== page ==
Taking into account the proportion of crops that can be used for food production, as well as the amount needed for a "balanced diet", the results showed that between 300 and 550 million people could be fed by crops grown in the acquired land, compared with between 190 and 370 million people that could be fed if the local community used the land without making major investments, the team calculated.

"At the moment there are still open questions which would help inform the debate over what happens to acquired land such as, what happens to food produced? Is it shipped abroad? Were these lands already used for agriculture prior to the acquisition, and (if so) for the cultivation of what crops? With what yields?” noted the authors. “Answers to these questions would allow us to quantify the decrease in food available to the local communities, and come up with management strategies to mitigate possible negative impacts on the local communities of large scale land acquisition."

The team also revealed that the most targeted countries for ‘land grabs’ are Indonesia, Malaysia, Papua New Guinea and the former Sudan. Together, these nations account for around 82% of the total food calories that can be produced by acquired croplands worldwide, the research found.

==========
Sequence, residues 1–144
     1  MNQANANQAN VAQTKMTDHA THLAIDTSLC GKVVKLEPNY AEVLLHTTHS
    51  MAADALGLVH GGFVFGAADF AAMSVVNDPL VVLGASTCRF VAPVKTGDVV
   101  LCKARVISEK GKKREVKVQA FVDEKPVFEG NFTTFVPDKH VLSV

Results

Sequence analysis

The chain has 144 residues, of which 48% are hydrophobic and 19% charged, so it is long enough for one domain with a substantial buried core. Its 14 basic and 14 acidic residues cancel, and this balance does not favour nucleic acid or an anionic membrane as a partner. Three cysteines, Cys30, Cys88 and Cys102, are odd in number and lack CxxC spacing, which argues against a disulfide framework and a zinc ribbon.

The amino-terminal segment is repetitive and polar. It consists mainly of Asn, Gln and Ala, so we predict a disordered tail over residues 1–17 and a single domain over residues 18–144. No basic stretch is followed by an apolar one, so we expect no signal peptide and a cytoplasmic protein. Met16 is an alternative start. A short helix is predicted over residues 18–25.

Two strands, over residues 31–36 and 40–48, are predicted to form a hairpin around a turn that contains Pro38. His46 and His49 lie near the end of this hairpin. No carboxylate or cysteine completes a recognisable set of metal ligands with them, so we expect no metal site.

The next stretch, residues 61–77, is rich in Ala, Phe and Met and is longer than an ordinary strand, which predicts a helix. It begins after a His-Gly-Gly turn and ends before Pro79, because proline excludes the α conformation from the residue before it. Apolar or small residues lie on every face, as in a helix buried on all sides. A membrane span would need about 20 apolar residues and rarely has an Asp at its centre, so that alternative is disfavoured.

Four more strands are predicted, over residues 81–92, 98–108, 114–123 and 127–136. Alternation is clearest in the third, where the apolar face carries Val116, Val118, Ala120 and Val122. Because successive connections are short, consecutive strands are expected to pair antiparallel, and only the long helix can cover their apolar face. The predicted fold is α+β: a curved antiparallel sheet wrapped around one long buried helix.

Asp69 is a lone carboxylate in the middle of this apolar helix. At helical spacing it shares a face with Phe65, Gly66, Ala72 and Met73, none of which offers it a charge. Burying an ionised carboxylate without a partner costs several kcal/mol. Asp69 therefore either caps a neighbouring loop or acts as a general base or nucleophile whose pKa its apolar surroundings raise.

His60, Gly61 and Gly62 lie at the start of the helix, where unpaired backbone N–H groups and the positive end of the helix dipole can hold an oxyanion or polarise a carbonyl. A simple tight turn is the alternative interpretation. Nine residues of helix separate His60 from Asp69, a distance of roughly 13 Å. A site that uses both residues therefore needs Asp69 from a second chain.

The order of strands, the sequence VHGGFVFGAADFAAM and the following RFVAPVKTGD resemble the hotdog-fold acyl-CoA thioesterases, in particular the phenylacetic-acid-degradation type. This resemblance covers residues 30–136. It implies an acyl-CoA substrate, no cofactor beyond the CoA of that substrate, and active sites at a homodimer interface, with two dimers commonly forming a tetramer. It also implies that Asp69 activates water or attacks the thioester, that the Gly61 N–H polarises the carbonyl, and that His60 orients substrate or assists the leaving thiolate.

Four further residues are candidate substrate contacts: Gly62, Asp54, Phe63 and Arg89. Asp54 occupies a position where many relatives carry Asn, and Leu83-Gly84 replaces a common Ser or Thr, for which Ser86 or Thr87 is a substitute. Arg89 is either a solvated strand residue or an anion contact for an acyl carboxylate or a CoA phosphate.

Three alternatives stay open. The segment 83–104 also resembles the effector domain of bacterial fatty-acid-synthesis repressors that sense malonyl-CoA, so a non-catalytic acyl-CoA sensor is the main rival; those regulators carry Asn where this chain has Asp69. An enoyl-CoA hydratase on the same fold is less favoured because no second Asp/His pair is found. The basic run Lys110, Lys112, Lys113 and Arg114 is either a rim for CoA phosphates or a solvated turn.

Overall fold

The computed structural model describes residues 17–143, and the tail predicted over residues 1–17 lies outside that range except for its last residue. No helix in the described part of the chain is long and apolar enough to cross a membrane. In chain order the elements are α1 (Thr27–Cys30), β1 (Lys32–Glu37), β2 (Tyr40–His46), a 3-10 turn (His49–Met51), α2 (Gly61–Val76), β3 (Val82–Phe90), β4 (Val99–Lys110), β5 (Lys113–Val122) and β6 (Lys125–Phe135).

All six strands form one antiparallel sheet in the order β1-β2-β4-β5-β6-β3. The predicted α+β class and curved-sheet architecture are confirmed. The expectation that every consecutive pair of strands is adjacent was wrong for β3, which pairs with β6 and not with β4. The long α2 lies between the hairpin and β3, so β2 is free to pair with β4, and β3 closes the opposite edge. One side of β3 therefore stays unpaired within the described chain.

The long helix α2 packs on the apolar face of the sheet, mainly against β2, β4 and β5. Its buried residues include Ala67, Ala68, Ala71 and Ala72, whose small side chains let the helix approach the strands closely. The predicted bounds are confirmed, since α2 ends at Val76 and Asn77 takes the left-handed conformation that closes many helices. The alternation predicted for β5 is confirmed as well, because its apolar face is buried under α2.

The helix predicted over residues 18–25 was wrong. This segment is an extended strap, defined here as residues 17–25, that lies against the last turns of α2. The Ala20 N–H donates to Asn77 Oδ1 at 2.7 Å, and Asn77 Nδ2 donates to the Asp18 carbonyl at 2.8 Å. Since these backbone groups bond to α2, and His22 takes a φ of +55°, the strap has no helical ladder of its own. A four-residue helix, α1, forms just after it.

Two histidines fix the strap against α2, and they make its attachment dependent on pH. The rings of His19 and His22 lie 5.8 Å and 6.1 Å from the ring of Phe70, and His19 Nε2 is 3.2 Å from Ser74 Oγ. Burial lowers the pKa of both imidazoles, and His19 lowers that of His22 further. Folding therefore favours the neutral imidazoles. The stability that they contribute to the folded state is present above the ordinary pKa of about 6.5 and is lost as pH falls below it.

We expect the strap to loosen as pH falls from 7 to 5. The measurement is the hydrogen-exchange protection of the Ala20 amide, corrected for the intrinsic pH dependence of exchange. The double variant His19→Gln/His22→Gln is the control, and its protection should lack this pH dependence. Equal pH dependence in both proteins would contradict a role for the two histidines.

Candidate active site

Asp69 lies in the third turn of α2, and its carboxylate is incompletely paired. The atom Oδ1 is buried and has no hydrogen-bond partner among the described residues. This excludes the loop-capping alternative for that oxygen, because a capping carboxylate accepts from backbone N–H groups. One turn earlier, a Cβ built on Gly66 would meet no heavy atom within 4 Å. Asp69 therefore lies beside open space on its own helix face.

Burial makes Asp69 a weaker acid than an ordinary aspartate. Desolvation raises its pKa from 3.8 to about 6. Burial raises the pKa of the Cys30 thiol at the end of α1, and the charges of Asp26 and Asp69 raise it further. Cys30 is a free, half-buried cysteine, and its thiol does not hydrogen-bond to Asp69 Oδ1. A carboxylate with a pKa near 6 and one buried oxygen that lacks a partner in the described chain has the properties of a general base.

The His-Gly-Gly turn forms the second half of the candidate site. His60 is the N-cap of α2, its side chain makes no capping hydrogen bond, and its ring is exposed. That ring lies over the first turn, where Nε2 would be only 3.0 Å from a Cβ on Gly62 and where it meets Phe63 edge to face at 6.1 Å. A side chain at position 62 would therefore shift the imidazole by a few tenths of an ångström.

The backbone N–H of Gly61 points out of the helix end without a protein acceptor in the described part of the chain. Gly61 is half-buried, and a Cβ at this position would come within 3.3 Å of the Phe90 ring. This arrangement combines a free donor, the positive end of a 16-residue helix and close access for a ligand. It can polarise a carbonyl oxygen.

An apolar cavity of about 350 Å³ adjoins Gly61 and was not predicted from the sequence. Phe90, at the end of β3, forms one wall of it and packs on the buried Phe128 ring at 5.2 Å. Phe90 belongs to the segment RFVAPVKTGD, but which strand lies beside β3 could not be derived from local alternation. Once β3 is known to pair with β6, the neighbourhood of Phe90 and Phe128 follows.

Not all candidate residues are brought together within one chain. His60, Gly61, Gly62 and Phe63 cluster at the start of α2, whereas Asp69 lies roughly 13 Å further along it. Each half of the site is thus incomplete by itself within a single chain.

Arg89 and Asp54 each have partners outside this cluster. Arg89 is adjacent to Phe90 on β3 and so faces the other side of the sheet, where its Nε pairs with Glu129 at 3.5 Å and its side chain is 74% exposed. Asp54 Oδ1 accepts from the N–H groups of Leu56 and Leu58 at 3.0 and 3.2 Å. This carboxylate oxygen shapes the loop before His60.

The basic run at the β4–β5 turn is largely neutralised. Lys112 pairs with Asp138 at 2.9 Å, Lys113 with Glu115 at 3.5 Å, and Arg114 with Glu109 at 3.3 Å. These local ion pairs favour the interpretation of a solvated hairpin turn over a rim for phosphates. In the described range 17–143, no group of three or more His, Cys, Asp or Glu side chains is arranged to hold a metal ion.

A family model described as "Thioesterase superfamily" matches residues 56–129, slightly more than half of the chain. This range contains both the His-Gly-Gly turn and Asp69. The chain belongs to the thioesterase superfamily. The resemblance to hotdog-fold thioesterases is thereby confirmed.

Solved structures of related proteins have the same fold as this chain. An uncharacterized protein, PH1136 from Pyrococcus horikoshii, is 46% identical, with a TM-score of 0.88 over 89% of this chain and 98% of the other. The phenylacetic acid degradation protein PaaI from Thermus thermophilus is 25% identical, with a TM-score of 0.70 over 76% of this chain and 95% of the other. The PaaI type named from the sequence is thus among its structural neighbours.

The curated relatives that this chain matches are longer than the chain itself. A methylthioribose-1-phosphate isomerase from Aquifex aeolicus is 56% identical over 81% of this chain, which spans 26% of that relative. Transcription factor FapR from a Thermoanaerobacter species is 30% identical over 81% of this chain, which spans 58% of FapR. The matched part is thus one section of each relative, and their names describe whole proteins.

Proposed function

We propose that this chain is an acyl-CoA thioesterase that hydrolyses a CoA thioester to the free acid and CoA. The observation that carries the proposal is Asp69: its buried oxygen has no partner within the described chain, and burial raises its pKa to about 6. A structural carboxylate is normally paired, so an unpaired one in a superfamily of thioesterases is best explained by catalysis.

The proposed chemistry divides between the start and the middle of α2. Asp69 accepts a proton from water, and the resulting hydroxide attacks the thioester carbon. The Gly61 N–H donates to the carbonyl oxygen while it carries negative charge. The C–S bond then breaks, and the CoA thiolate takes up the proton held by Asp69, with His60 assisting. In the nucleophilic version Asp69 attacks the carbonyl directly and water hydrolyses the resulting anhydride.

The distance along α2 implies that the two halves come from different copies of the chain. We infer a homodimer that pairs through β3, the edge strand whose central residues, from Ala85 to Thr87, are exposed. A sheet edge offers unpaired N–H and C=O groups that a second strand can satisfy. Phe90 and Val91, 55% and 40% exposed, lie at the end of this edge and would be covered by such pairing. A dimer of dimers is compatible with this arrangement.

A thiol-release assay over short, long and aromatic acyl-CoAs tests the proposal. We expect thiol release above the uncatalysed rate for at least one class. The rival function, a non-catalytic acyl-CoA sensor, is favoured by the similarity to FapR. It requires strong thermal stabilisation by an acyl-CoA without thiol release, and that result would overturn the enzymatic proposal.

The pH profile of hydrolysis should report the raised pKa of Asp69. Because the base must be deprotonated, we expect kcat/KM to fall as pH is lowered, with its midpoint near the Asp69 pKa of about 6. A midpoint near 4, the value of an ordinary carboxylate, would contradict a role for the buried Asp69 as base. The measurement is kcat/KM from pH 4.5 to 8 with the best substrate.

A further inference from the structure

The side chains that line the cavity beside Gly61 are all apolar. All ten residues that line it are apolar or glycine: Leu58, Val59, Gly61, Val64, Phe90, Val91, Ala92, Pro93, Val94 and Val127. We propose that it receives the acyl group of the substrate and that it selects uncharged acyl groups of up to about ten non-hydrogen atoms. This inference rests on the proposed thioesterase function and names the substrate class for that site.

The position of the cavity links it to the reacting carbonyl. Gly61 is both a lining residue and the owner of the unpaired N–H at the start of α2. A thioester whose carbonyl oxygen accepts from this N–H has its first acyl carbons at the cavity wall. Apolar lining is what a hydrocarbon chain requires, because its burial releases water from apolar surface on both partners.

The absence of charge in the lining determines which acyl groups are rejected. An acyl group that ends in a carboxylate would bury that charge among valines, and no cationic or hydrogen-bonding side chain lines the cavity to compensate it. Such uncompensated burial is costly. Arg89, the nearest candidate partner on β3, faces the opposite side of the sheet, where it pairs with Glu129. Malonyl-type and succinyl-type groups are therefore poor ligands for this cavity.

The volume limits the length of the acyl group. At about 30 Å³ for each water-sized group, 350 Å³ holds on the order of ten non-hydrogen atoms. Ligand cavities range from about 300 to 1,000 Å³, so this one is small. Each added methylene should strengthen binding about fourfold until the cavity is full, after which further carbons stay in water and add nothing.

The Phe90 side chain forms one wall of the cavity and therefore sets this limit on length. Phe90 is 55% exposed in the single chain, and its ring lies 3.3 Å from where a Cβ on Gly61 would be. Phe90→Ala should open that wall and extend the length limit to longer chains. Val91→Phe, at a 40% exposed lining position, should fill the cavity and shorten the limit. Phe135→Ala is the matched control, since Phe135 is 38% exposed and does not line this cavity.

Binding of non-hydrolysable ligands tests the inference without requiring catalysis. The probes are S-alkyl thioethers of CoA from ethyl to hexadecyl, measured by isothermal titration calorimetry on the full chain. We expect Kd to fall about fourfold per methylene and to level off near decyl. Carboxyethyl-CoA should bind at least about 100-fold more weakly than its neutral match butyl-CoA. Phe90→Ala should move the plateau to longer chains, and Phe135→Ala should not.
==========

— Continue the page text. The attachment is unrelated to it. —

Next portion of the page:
Source: Environmental Research Letters
Published online ahead of print, doi: 10.1088/1748-9326/9/6/064030
“Food appropriation through large scale land acquisitions”
Authors: Maria Cristina Rulli and Paolo D'Odorico

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Comments (3)

Alle - 02 Jul 2014 | 12:13

It is not a lack of of food that causes hunger

There is plenty of studies (for example by FAO), which indicate that global food production has been increasing faster than the global population growth in the past decades and that current food production could feed 10 billion people. Despite this excess, there are still a billion people worldwide who go hungry. It is not a matter of producing more, it is a matter eradicating poverty and distributing food equally. It is a fact that a majority of land that is grabbed is used to grow biofuels, animal feed for the world’s excessive meat consumption and crops for export. It is not the local communities that benefit from these land grabs, but their food security and food sovereignty situation is rather worsened.

02-Jul-2014 at 12:13 GMT

Augusto C.M. Freire - 30 Jun 2014 | 04:37

Land grabbing is not socially responsible

There is not guarantee that land grabbing production will feed the local population and improve their livelihood. What is more important, it strips the locals from the productions means, which will be in the hands of others, leaving the locals in dependency. A fair play would be a partnership for using the land to produce with the local population, leaving the ownership of the land with them.

30-Jun-2014 at 16:37 GMT